I confess I’m new to this. Jonesy’s a seasoned pro when it comes to reviewing the restaurants for The Arbuturian but, once the shortlist for the next luncheon had been drawn up, I asked the chaps if they wouldn’t mind if I had a pop so, in the spirit of benevolence that befits the team, as we cracked the starch on the serviettes I couldn’t very well back down when Jonesy then barked, “You’re doing this one, aren’t you?” No going back there then. So, humour me, dear readers, I knew I may misinterpret the menu, pismronounce some key points, and misunderstand the waiter but, be advised, you shall at least have an honest appreciation in what you’re about to read, if not the most learned.
A good start, it didn’t help that not fifty feet away, I had to call and find out where The Greenhouse was. You may think this is to its detriment but, au contraire, consider that a good restaurant shouldn’t have to showboat itself, loud and clear in the centre of the action; the best often nestle discreetly in a side street, avoiding passing trade and remaining known only to those in the know with an unpretentious façade and a small sign as the only clue that you’re in the right place. If that’s the first indication that you’re in for some fine cuisine, then The Greenhouse is ideally placed.
Tucked away in a Mayfair mews, you’d be forgiven for thinking that you’d just walked into someone’s garden. I say garden because I still wasn’t convinced that we were there even as I found the chaps sat at a bench among tall, lush foliage and lengths of decking, thinking that this had to be the meeting point before we went on to the restaurant itself. But down the decking we walked, alongside the glass front catching our first glimpse of the venue. And it was this which gave me the second indication that we may be on to something. The simple, minimalist décor with its clean lines and polished surfaces indicated that most of the attention here likely went on the food.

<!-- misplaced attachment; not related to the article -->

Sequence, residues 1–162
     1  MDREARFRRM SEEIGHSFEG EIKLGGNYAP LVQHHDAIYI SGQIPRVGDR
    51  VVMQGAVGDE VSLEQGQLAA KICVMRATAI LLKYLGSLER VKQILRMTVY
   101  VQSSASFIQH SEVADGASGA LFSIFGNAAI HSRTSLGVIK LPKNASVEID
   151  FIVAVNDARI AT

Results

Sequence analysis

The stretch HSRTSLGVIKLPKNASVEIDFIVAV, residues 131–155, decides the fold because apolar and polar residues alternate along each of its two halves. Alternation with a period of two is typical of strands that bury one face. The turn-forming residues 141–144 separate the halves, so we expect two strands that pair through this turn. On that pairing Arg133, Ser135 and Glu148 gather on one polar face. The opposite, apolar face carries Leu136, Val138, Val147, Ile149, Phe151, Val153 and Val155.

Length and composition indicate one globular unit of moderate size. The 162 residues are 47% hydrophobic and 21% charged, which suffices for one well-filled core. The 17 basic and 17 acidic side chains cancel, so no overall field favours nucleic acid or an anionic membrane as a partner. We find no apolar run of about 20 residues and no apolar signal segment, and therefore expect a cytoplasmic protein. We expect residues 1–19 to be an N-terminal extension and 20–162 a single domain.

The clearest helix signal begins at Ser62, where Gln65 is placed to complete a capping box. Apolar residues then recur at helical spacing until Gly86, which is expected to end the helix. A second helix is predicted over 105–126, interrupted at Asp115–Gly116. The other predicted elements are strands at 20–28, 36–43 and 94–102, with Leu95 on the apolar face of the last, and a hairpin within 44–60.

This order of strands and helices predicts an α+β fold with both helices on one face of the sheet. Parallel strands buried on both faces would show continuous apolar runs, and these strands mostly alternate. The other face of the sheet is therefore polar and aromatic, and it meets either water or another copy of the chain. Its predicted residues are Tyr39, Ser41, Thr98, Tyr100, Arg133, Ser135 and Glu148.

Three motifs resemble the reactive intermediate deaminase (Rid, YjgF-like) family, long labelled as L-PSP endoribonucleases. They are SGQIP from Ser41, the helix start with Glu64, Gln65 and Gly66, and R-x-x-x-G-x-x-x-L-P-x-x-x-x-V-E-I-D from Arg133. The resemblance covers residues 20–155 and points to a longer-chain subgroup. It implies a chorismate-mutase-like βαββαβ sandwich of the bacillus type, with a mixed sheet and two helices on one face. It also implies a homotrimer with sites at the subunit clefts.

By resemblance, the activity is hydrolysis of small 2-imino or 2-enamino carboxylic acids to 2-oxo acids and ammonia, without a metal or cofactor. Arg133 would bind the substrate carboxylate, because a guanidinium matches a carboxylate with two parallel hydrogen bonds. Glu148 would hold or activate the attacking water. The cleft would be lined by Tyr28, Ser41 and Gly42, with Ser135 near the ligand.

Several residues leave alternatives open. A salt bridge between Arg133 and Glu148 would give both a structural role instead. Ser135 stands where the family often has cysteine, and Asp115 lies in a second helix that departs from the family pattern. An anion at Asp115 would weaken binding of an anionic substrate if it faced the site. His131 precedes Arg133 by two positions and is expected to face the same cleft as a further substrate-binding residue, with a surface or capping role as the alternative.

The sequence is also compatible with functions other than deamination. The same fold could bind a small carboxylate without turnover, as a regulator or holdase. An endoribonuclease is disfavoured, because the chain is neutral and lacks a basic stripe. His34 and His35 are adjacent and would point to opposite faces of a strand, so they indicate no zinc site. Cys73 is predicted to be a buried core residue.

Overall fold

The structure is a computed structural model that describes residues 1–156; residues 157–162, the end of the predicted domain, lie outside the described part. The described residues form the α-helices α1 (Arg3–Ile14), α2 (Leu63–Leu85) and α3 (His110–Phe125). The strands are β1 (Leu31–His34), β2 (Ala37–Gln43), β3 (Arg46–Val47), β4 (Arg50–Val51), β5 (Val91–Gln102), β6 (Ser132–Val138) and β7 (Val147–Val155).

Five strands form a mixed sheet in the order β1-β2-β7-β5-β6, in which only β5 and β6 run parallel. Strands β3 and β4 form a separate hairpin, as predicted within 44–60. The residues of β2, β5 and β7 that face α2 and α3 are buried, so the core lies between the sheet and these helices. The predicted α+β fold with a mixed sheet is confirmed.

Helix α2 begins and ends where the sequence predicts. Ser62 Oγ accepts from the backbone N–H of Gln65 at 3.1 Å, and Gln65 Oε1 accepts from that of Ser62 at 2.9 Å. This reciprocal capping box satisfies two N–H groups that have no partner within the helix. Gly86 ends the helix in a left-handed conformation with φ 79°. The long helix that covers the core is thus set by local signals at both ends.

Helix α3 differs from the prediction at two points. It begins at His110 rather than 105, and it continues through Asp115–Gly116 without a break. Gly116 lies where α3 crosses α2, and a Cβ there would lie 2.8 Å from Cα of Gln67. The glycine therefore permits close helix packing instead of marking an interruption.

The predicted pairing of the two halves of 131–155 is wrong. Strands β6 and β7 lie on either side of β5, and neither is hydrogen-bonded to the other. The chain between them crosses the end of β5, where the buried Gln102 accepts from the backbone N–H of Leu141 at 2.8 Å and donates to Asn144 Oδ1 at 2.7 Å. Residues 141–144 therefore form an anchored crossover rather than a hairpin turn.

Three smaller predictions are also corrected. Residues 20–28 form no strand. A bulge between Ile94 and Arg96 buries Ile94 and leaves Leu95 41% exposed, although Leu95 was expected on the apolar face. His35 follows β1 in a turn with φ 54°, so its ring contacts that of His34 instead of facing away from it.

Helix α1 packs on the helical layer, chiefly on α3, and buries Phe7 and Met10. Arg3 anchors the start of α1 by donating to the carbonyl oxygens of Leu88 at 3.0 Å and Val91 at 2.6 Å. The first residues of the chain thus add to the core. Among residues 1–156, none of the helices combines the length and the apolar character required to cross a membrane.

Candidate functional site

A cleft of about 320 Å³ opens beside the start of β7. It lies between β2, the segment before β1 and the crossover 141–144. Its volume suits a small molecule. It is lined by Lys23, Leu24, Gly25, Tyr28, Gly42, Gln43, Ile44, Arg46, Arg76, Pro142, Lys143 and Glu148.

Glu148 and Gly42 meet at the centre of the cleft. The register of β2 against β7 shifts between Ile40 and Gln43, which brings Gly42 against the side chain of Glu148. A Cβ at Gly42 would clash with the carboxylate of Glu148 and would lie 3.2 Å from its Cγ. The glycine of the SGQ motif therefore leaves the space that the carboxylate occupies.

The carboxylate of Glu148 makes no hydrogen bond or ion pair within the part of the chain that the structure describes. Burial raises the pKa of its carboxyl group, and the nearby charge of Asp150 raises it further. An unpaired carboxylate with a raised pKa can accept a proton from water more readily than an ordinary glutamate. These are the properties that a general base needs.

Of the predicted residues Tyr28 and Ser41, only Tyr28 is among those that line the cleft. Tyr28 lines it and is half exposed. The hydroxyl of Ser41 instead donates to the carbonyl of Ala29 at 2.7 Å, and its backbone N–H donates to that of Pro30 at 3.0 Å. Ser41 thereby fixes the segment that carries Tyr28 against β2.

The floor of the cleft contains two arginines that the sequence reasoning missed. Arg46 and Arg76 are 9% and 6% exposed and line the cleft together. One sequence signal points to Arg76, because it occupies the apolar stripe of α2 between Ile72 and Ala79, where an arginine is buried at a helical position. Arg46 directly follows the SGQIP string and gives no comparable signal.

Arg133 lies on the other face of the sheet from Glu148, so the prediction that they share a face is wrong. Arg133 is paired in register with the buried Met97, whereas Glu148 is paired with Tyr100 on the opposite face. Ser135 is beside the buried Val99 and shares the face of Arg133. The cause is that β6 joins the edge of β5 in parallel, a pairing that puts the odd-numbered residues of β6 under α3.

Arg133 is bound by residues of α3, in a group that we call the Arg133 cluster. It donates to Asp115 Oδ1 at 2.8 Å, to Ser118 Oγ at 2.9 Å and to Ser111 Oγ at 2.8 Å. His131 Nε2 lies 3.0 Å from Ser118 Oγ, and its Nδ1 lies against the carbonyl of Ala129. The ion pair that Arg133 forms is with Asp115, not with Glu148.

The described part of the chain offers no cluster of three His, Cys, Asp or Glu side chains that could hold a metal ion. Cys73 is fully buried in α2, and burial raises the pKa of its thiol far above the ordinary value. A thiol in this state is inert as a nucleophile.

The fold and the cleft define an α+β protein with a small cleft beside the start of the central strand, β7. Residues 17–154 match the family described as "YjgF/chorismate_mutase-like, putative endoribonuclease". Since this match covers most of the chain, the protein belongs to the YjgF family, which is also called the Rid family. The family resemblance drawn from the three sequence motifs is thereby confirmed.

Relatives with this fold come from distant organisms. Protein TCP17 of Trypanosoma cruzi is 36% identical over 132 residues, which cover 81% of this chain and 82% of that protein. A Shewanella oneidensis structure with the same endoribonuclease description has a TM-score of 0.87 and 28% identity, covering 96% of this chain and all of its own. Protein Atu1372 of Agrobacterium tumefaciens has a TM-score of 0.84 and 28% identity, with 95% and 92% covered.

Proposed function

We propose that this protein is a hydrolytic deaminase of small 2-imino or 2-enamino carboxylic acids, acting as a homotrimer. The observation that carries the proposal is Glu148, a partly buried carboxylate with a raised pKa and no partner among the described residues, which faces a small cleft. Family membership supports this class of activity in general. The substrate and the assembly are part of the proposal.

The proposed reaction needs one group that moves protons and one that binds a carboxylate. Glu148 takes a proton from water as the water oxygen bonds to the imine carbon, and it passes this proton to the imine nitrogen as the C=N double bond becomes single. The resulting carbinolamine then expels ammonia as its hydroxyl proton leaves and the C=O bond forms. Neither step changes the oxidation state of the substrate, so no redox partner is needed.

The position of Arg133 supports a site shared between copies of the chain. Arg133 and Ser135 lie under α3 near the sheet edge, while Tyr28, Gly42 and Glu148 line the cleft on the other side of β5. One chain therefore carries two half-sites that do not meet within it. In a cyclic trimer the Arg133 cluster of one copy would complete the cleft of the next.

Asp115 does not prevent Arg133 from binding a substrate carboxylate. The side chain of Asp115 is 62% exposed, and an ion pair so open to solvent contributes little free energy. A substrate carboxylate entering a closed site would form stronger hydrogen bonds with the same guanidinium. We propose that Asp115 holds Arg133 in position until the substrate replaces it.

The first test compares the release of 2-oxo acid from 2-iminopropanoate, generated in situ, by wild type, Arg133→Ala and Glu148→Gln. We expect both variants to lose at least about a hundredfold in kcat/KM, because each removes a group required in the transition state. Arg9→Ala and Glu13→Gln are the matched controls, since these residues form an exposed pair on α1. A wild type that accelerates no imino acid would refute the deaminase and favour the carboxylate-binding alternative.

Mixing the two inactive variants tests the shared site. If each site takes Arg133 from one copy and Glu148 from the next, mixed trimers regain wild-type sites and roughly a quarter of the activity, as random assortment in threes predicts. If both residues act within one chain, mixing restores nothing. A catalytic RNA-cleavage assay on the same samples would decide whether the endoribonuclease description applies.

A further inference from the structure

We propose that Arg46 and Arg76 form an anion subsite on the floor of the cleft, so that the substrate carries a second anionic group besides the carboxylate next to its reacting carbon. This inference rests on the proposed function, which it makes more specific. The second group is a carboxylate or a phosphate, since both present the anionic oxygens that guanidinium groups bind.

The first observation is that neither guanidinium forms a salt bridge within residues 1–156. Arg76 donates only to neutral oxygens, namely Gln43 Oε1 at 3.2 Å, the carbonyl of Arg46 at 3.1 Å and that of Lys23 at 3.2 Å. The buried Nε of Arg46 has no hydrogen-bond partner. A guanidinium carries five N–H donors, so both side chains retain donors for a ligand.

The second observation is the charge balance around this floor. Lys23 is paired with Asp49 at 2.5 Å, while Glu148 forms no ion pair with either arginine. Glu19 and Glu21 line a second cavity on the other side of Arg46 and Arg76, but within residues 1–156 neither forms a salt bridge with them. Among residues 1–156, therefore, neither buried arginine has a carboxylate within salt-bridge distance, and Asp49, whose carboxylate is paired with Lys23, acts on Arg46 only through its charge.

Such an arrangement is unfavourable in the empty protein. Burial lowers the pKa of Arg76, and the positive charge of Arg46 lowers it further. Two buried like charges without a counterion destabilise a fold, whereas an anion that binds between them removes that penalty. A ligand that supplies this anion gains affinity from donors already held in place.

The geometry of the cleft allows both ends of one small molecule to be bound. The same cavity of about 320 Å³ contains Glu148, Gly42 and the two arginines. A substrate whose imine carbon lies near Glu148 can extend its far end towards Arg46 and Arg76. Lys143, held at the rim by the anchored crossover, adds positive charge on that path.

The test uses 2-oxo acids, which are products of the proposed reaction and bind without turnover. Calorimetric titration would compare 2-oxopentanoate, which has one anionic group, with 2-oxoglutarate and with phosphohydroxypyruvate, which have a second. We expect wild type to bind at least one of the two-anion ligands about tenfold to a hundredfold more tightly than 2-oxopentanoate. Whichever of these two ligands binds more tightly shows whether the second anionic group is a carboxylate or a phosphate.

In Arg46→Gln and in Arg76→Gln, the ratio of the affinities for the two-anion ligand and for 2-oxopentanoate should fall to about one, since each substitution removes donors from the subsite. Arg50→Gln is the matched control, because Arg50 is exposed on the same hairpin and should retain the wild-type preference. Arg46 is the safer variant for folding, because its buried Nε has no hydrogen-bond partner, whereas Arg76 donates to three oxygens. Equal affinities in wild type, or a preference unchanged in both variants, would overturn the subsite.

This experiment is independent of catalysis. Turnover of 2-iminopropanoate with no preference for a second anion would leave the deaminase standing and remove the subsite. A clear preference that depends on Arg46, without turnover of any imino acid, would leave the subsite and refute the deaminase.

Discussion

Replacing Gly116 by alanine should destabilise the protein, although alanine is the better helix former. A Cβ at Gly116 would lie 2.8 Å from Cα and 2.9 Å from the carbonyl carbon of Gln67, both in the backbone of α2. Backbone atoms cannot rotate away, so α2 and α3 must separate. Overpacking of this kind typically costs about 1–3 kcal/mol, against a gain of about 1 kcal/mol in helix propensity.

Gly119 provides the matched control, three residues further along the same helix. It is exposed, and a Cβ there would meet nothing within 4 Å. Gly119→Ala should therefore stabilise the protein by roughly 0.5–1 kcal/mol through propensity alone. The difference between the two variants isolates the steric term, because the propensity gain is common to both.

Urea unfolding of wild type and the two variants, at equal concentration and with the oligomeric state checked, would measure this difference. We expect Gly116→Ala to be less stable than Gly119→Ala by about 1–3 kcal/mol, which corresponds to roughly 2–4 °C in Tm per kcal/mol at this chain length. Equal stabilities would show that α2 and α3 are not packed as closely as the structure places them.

Ushered to our table, menus presented, it wasn’t long before the wine list arrived. Well, I say wine list, this leather-bound tome weighed in at the equivalent of a first edition of War & Peace and, at a hundred pages, required a similar constitution to wade through. An epic, indeed, but unsurprisingly so since The Greenhouse prides itself on its cellar, the sommelier approached me not once, but twice, to see if I’d made a choice. I nearly dismissed the volume in favour of one of the four recommendations with the day’s menu but, since Jonesy was driving and Stirling was still in training, we opted for ‘by the glass’ and the choice was made. A Rioja-like Bierzo, El Castro de Valtinille, for Jones and, as ever, a Pinot Noir for myself but with a slight deviation: I elected a Californian, La Crema, from the Russian River Valley.